4. ^ "About". Retrieved 2016-10-15. 
  5. ^ "All Souls College Oxford". Retrieved 2016-10-15. 
  6. ^ "Sheila Faith – obituary". Daily Telegraph. 16 October 2014. Retrieved 22 October 2014. 
  7. ^ "John Redwood". Retrieved on 23 November 2015.
  8. ^ "John Redwood". Retrieved on 23 November 2015.
  9. ^ "Leading Article: John Redwood's hasty credo". The Independent. 23 October 2011. Retrieved on 23 November 2015.
  10. ^ Nigel Farndale (12 November 2006). "Say no to gallows humour". Retrieved on 23 November 2015.
  11. ^ Lean, Geoffrey (19 February 1995). "Greens attack Redwood policies". The Independent. London. 
  12. ^ "BBC News | Wales | Labour scorns Tory no confidence threat". Retrieved on 23 November 2015.
  13. ^ Lauren Niland. "Rick Perry's predecessors: when politicians forget". the Guardian. Retrieved on 23 November 2015.
  14. ^ "BBC: We were wrong to mock John Redwood". Telegraph. Retrieved 24 September 2013. 
  15. ^ Macintyre, Donald; Brown, Colin (27 June 1995). "PM assails 'malcontent' Redwood". The Independent. London.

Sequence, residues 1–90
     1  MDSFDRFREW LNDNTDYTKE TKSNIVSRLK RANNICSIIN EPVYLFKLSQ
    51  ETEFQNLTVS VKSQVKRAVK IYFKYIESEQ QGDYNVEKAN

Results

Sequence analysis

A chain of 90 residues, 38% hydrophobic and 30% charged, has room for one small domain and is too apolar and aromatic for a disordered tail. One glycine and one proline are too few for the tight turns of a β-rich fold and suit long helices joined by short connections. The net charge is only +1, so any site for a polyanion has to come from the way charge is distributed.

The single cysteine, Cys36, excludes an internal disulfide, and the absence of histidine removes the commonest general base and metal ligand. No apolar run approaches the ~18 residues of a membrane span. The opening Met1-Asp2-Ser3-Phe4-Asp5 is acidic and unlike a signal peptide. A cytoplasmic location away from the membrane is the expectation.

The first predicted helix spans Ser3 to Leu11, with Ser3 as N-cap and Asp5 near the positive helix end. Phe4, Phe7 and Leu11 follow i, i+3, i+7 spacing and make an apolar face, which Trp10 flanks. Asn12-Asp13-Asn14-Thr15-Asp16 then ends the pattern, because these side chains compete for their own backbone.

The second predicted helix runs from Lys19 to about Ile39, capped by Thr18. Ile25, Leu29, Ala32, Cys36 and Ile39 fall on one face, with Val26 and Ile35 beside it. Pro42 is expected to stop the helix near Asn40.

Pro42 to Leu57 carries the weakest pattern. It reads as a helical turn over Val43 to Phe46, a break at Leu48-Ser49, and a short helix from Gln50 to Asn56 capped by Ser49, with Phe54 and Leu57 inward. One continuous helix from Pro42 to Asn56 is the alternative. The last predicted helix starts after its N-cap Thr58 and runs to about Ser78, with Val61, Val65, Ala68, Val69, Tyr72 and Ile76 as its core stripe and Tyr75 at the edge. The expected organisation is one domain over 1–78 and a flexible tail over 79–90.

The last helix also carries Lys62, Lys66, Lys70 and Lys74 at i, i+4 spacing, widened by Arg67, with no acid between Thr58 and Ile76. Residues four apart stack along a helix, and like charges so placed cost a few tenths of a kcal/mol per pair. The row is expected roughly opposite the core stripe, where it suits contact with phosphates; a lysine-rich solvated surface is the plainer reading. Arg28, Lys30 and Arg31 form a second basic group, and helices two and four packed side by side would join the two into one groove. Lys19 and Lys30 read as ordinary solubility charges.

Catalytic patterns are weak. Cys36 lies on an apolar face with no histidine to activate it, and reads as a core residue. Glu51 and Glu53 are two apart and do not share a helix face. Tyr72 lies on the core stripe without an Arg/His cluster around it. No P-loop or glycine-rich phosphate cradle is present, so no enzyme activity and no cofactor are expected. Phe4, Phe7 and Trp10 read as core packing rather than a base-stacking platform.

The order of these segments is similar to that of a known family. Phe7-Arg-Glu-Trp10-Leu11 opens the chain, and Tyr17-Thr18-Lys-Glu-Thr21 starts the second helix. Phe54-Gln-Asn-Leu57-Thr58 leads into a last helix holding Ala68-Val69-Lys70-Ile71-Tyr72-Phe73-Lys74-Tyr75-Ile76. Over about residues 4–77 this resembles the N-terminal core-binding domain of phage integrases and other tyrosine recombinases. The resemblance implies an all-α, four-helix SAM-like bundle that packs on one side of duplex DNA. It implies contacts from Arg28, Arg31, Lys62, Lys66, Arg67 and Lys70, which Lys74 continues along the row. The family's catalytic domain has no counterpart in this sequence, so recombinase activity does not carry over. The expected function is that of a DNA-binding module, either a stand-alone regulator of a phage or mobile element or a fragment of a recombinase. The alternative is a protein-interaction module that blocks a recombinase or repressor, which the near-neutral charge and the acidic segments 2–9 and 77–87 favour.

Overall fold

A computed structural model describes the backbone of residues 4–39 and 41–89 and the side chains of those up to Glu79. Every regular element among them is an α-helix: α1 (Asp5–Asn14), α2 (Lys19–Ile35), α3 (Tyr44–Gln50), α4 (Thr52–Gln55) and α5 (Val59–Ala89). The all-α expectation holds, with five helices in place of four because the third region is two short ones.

16. ^ Rob Evans and David Leigh (12 August 2008). "Building firm says it may have breached Saddam sanctions". The Guardian. London. Retrieved 30 January 2010. 
  17. ^ a b "". Search the Money. Retrieved on 23 November 2015.
  18. ^ "". Search the Money. Retrieved on 23 November 2015.
  19. ^ "". Search the Money. Retrieved on 23 November 2015.
  20. ^ "John Redwood". British Broadcasting Corporation, 'Politics 97'. 1997. Retrieved 12 Nov 15.  Check date values in: |access-date= (help)
  21. ^ Adam Price's Speech, 12 September 2009, Plaid Cymru 2009 Party Conference, Llandudno
  22. ^ Brown, Colin (27 July 2003). "Redwood leaves his wife for former model Nikki Page". The Daily Telegraph. London. Retrieved 7 May 2010. 
  23. ^ Kite, Melissa (15 February 2004). "Redwood comes out fighting against ex-wife". The Daily Telegraph. London. Retrieved 7 May 2010. 
  24. ^ David Hencke, Westminster correspondent (28 March 2005). "Redwood's ex-wife debunks Vulcan jibe | UK news". The Guardian. Retrieved 24 September 2013. 

External linksEdit

Parliament of the United Kingdom
Preceded by
William van Straubenzee
Member of Parliament
for Wokingham

Political offices
Preceded by
David Hunt
Secretary of State for Wales
Succeeded by
William Hague
Preceded by
Michael Heseltine
Shadow Secretary of State for Trade and Industry
Succeeded by
Angela Browning
Preceded by
Gillian Shephard
Shadow Secretary of State for the Environment, Transport and the Regions
Succeeded by
Archie Norman
New office Shadow Secretary of State for Deregulation
Position abolished